Thu, Nov 25, 2004 - Page 11 News List

Officials told to begin planning

DEVELOPMENT Attendees at a Taipei forum were told that towns and counties must do more to attract people and businesses when the high-speed rail opens


Pundits and officials yesterday suggested that cities along the nation's first high-speed railway start investing in software infrastructure, or the bullet trains will only bring recession instead of the prosperity that municipal officials are expecting.

The remarks were made during a forum hosted by the Chinese-language magazine Global Views Monthly (遠見雜誌). The magazine invited Kaohsiung Mayor Frank Hsieh (謝長廷), former chief executive of Royal Philips Electronics in Taiwan Lo Yi-chiang (羅益強), and Charles Hseuh (薛昭信), an advisor to the Taiwan High Speed Rail Corp's (THSRC, 台灣高鐵) Station Area Development Division, to share their views on the impact brought new railway.

The 345km long rail line that will run between Taipei and Kao-hsiung is scheduled to start operations next October. With a speed of 300kph, the bullet trains will cut the travel time between the two cities to an hour-and-a-half.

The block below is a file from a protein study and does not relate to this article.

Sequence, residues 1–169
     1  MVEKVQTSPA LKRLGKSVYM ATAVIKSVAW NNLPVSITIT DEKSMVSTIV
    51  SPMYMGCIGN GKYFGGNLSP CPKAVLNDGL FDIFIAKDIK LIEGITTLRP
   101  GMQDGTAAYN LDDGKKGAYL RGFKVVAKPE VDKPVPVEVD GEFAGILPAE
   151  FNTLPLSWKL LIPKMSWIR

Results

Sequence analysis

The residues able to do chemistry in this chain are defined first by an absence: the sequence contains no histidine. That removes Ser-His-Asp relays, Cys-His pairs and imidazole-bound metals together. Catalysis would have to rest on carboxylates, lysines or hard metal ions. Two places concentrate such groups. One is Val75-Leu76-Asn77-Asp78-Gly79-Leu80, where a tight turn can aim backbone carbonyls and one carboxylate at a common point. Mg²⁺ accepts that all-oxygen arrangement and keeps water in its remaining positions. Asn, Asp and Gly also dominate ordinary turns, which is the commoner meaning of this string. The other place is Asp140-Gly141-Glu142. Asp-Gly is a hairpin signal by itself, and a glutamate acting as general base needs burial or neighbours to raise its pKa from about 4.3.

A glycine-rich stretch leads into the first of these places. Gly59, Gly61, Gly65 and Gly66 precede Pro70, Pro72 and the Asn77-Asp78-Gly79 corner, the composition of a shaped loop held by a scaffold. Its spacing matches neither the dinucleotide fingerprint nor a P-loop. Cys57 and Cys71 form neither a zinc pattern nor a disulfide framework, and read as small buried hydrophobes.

Local industries have been discussing whether the new service will help balance regional development in the west of Taiwan, or siphon off more people from towns to cities.

From a business point of view, Lo said the local governments in the areas the train will pass through -- Taoyuan, Hsinchu, Taichung, Chiayi, Tainan and Kao-hsiung -- should devise plans to develop local industries and public infrastructure in order to lure new business opportunities and new residents.

"But now people only want to take advantage of the skyrocketing land prices around the stations, which is bad for the development of the region," Lo said.

Hsieh said the Kaohsiung City Government has been trying to improve various facilities, such as its logistics infrastructure, including the quality of its water supply and its under-construction rapid transit system.

Hseuh said the THSRC is planning the development of its train station areas and will start to invite bids from private companies next year.

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